What is an HSA? What you need to know about Health Savings Accounts
A health savings account is a great tool to use on your path to financial freedom. If you’re clever and plan ahead, it can act as a supplemental retirement account.
What is a health savings account?
A health savings account or an HSA is a type of bank account that helps you save for future medical expenses. You can contribute pre-tax dollars to your HSA. This can reduce your taxable income and save you money on taxes.
The purpose of the money in a health savings account is to help pay for qualified medical expenses. That’s the design of the account. Simple put. It’s a place to stash money that you plan to spend on health care.
Do I qualify for an HSA?
You are only allowed to open an HSA if you have a High Deductible Health Plan (HDHP). An HDPH generally has a higher yearly deductible than other health insurance plans. Hence the name, high deductible health plan. The basic advantages of an HDHP are a very low monthly premium and a max out-of-pocket limit per year. The target audience for a high deductible plan is low consumers of health care. Many preventative healthcare expenses are free with an HDHP.
You are also only allowed to contribute to an HSA if you have an active HDHP. Check your health insurance coverage each year before contributing money to your HSA. It’s really annoying to reverse over contributions.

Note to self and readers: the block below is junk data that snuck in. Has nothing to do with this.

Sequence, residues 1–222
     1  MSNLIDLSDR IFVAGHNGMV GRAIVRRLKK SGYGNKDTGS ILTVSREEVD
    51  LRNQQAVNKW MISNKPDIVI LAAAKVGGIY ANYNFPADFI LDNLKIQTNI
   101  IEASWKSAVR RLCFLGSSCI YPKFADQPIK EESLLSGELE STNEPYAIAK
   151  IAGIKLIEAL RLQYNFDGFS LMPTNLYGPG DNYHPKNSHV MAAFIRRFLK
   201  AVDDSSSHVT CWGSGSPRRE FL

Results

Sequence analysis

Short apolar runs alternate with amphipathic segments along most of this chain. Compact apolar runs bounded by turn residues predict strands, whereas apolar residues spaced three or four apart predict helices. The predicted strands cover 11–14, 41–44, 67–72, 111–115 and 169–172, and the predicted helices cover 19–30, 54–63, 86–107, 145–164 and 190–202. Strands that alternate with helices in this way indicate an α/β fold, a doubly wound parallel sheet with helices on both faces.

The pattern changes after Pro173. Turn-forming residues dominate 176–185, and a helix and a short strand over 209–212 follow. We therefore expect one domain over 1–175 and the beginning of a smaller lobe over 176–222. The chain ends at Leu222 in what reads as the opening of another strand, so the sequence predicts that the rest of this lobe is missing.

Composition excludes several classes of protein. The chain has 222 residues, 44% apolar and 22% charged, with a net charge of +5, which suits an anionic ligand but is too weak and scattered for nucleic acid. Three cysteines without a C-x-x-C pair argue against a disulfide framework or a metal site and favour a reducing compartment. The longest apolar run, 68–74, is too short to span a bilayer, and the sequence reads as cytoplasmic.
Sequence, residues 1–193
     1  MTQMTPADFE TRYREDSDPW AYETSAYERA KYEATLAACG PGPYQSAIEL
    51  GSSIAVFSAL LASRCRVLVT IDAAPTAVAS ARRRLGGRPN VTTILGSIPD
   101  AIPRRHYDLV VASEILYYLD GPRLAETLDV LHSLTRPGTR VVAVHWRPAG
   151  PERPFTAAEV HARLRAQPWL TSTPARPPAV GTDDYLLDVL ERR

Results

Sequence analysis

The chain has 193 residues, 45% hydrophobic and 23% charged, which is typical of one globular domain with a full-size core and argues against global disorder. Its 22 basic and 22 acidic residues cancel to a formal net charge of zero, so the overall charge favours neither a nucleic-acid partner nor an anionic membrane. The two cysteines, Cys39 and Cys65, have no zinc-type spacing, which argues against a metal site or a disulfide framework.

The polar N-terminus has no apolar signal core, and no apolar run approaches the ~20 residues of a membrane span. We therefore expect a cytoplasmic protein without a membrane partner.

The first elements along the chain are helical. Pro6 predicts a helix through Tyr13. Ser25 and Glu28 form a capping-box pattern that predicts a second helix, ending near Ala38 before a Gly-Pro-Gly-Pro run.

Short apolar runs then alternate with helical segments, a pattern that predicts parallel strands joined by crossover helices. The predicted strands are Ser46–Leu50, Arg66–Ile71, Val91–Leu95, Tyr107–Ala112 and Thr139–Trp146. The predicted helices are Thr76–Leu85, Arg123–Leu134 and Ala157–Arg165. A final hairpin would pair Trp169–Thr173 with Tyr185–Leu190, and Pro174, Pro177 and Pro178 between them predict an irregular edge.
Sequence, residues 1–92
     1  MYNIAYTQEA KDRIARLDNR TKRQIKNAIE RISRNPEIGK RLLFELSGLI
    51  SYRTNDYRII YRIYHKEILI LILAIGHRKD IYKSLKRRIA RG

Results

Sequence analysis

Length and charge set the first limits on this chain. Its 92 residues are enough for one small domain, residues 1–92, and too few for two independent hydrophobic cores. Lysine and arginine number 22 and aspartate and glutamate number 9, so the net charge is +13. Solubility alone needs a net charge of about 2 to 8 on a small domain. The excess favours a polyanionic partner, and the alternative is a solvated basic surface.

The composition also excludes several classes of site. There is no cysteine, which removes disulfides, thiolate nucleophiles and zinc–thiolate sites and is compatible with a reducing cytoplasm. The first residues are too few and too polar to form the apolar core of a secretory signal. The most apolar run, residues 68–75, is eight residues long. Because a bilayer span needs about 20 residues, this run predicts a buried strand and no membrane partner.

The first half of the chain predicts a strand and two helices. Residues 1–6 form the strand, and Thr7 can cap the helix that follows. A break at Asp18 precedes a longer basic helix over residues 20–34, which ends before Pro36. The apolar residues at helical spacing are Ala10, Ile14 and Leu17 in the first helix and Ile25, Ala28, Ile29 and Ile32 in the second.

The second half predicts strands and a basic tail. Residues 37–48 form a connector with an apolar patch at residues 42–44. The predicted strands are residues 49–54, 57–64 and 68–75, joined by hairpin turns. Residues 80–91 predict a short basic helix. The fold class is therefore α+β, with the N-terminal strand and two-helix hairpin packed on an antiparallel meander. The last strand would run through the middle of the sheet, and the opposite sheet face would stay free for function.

How does a health savings account work?
An HSA functions like other bank accounts. They’re offered by banks or financial institutions. The standard account is a savings account that offers a low-interest rate. HSAs are now offering investing options. Which is great. This gives you the option to invest in stocks and bonds to help grow your money. Many banks require a cash balance minimum before you can invest money. For example bank of America requires $1000 before you can invest.
HSA accounts also track yearly contributions, withdrawals, and expenses. It’s common for HSA providers to give customers a debit card. Expenses on that debit card pull from the HSA cash balance. This eliminates the need for a receipt and reimbursing yourself. We’ll get into why that’s sub-optimal in a bit.